By: Integrated Learning Strategies
Crossing the midline helps the right and left sides of the brain together. If we only work one side of the brain, the other side may become weaker, which could cause gaps in learning. Learning tools that come naturally for some children (organizing thoughts on paper, executive functioning, writing, comprehension and sitting still in a chair) may not come so easily to others who can’t cross the midline.
How to know if my child can’t cross the midline If your child can’t cross the midline, you may see some of the following signs: – Uses right hand activities on the right side of the body and uses left leg activities on the left leg of the body. – Has trouble with tracking words from right to left – Poor fine motor skills (pencil grip, handwriting) – Has trouble switching different feet and arms in sports.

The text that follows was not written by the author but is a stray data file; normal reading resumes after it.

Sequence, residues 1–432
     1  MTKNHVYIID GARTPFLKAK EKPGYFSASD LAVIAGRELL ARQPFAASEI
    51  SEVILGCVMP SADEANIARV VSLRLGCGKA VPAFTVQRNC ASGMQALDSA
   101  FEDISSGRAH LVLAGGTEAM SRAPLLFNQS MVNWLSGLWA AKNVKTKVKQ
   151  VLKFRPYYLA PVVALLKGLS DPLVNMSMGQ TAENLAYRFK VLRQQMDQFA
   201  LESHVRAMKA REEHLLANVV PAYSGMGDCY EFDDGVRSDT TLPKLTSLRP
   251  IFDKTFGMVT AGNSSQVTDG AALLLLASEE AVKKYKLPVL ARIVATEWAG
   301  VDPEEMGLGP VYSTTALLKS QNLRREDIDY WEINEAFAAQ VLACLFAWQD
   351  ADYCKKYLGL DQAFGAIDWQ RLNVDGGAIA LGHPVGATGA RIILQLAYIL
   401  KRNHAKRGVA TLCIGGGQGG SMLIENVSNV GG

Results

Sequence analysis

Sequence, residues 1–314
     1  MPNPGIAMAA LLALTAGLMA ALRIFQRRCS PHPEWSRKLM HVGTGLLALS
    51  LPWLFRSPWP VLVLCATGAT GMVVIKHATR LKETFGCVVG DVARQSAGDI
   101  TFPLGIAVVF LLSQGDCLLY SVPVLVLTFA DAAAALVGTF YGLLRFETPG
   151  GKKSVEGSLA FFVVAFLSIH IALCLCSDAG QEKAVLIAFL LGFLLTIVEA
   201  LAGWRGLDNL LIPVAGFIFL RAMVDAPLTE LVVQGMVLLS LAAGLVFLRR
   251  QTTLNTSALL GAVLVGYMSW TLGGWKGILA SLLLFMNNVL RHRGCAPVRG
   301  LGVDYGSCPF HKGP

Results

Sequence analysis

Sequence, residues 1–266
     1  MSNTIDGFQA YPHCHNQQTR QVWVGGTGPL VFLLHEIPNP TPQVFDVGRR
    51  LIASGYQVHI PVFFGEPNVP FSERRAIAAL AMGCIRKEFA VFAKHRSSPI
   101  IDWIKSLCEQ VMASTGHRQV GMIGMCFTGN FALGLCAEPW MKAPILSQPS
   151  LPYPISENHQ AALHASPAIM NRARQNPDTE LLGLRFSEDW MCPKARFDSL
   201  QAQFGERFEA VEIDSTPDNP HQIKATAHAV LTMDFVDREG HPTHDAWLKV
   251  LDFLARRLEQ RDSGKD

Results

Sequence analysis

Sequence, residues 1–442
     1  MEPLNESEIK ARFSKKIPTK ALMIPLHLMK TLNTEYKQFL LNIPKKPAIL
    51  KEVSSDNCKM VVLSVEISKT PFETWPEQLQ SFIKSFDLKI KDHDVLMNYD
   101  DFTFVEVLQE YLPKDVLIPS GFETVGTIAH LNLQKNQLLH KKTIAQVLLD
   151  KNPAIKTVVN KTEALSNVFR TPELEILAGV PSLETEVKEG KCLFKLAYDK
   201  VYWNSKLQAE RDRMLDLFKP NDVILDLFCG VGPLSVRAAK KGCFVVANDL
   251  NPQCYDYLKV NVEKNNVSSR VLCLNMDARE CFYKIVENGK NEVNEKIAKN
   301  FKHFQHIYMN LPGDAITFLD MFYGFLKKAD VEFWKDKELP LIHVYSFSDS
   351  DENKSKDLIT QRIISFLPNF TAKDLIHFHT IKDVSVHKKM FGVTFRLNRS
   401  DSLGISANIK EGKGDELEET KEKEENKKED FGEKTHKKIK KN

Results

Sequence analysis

Crossing the midline activities using your arms If your child struggles to cross the midline, there are several integration exercises you can do at home to help improve the left and right sides of their brain. After your child has mastered these activities, read “Why Crossing the Midline Helped this Child Listen to his Teacher” for more exercises.